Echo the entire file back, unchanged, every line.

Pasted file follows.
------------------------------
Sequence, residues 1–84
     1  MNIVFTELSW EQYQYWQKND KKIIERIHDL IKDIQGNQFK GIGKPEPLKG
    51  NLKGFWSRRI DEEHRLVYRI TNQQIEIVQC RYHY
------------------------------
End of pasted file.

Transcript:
Sequence, residues 1–84
     1  MNIVFTELSW EQYQYWQKND KKIIERIHDL IKDIQGNQFK GIGKPEPLKG
    51  NLKGFWSRRI DEEHRLVYRI TNQQIEIVQC RYHY